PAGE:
Merkel promises full disclosure on neo-Nazi linked killings
Germany's chancellor promised to get to the bottom of a string of murders implicating far-right extremists after speculation that the suspects may have had links to the intelligence services.
Angela Merkel made the promise hours after prosecutors announced the arrest of a second suspect in the murder of nine people of foreign origin and one policewoman over the last decade.
"The loved ones of the victims can be sure that (Germany) will do everything to get to the bottom of this affair," Merkel told public television channel ARD.
Her comments came amid mounting unease over the affair and massive coverage in Germany's media.
There were fears that investigators had uncovered a "Brown Army Faction" of violent extremists -- a far-right version of the now-defunct far-left Red Army Faction that killed more than 30 people between the 1970s and 1990s.
But there was speculation too among the media and some politicians that the neo-Nazi suspects might have escaped detection for so long because of links to the country's domestic intelligence service.
"It is without doubte the most abject form of right-wing extremism and that this should be going on in our country fills us with shame," Merkel said.
She called for everything to be revealed about the affair because "we owe it to those who lost their lives".
Police arrested a 37-year-old identified only as Holger G. near the northern city of Hannover, the Federal Prosecutor's Office said.
He is suspected of being part of a far-right terror network and of having helped three others in the unsolved killings between 2000 and 2006 of nine people -- eight of Turkish origin and one of Greek descent -- and in the 2007 fatal shooting of a policewoman.
Federal prosecutors launched their investigation after the discovery of a pistol used in the murder of the nine people in the home of a 36-year-old woman, identified as Beate Z., a suspected neo-Nazi.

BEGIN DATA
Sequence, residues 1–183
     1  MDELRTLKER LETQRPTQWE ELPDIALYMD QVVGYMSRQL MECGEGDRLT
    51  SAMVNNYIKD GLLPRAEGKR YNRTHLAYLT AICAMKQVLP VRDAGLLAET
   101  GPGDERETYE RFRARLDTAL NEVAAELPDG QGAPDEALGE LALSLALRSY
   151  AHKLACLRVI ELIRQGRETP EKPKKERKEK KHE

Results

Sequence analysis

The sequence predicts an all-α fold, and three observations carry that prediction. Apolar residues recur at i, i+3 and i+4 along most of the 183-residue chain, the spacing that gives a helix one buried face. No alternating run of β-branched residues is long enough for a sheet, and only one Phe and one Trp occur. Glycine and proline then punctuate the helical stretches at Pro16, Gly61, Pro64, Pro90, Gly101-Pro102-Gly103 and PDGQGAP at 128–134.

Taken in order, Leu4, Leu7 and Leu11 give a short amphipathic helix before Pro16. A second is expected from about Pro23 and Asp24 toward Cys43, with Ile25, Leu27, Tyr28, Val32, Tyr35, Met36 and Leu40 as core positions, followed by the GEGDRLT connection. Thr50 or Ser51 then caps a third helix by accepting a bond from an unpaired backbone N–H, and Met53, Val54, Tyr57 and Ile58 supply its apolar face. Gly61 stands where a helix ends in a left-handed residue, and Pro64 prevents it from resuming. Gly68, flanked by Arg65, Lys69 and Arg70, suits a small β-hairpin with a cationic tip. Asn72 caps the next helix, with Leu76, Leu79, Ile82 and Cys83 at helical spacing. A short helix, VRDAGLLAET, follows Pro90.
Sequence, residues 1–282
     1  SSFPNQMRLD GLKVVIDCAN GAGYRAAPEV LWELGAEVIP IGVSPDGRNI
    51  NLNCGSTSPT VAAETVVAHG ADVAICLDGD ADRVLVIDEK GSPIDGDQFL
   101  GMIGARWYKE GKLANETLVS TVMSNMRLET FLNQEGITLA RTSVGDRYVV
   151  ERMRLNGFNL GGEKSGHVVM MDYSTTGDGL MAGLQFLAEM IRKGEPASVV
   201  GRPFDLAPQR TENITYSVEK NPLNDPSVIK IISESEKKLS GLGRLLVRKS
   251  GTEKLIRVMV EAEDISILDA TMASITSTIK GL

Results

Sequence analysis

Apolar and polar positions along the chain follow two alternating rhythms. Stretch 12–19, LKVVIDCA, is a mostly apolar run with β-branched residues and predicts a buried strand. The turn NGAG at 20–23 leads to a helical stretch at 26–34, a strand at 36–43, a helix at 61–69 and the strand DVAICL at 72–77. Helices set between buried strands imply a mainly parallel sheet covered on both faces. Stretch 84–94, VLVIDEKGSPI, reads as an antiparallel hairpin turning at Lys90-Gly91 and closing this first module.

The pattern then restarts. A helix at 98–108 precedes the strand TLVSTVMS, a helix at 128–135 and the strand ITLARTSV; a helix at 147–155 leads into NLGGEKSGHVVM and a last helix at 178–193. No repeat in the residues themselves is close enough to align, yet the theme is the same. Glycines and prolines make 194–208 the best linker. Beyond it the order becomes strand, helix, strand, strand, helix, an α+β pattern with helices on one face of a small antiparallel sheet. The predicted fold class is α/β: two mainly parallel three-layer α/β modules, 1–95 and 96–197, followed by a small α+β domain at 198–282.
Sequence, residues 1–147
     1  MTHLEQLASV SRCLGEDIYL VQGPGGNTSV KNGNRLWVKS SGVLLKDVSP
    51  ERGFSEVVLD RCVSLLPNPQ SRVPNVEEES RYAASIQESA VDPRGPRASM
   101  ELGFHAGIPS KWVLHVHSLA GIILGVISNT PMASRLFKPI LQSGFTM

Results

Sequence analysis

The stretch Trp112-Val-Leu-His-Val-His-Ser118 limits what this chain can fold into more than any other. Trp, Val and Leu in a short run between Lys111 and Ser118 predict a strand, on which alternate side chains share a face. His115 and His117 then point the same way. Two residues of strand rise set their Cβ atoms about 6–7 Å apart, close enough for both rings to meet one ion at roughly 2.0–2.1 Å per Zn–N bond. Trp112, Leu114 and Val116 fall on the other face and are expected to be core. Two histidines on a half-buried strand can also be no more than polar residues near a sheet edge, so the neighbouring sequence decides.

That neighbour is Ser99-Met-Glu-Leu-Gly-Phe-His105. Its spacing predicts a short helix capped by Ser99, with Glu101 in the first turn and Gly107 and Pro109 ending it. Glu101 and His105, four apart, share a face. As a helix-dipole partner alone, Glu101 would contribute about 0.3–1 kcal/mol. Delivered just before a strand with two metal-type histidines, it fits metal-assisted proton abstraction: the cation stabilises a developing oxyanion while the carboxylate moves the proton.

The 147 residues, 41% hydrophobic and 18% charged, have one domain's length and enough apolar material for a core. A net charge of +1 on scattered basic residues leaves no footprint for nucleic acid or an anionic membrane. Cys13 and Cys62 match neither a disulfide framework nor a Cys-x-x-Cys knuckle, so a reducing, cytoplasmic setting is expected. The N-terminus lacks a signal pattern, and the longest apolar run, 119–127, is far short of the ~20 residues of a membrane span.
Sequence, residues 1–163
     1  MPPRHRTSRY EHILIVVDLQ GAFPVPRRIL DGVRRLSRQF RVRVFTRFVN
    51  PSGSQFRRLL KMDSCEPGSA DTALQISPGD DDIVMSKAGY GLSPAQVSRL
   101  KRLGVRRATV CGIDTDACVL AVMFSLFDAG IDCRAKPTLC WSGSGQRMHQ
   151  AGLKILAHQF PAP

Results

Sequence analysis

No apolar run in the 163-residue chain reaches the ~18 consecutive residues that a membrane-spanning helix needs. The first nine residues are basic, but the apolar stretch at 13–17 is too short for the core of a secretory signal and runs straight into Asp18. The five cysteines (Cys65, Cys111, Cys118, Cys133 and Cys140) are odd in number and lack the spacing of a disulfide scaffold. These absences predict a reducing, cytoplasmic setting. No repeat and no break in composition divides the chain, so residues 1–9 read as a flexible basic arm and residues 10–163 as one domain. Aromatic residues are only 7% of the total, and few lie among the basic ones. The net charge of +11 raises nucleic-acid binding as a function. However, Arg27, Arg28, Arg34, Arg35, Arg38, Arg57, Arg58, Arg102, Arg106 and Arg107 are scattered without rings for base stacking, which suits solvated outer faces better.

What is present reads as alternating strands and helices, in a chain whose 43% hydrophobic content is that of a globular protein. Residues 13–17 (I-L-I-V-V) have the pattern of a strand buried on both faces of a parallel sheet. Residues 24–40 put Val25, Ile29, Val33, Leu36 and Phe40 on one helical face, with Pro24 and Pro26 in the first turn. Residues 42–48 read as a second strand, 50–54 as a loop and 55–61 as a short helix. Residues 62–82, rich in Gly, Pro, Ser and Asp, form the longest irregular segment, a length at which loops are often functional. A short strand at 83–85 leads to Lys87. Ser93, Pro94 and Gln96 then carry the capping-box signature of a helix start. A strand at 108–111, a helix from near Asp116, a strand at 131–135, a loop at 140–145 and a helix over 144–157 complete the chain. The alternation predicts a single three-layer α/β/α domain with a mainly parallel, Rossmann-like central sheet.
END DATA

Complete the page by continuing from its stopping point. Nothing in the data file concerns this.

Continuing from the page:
Wanted by police for questioning over an armed robbery in the eastern Jena region on November 4, she had turned herself in after blowing up a rented flat in the eastern town of Zwickau.
Two suspects in that robbery, who were close to Beate Z. in the neo-Nazi scene, were found dead in a caravan shortly afterwards. Investigators believe the two committed suicide.
It was inside the caravan police found another firearm, that of the policewoman killed by a shot to her head in the southern town of Heilbronn in 2007 -- a murder that has never been solved.
Holger G. is suspected of having helped the three by allowing them to use his driver's licence and passport, but his exact role is still being investigated, the prosecutor's office said.
Some media and politicians have questioned how the suspects could have escaped for 13 years when in 1998 a homemade bomb factory was found in a garage rented by the woman.
Thomas Oppermann, the head of the opposition Social Democrats' parliamentary grouping, told Sunday's mass-circulation Bild newspaper he would seek a special meeting of the parliamentary committee overseeing the secret services.
"I want to know what the authorities knew and how such criminal acts can better be prevented in future," he told the paper.
Wolfgang Bosbach, the head of the parliamentary committee in charge of domestic political issues, also told Bild: "It must be clarified how it was possible for the trio to have lived underground unchecked for 10 years."
© 2011 AFP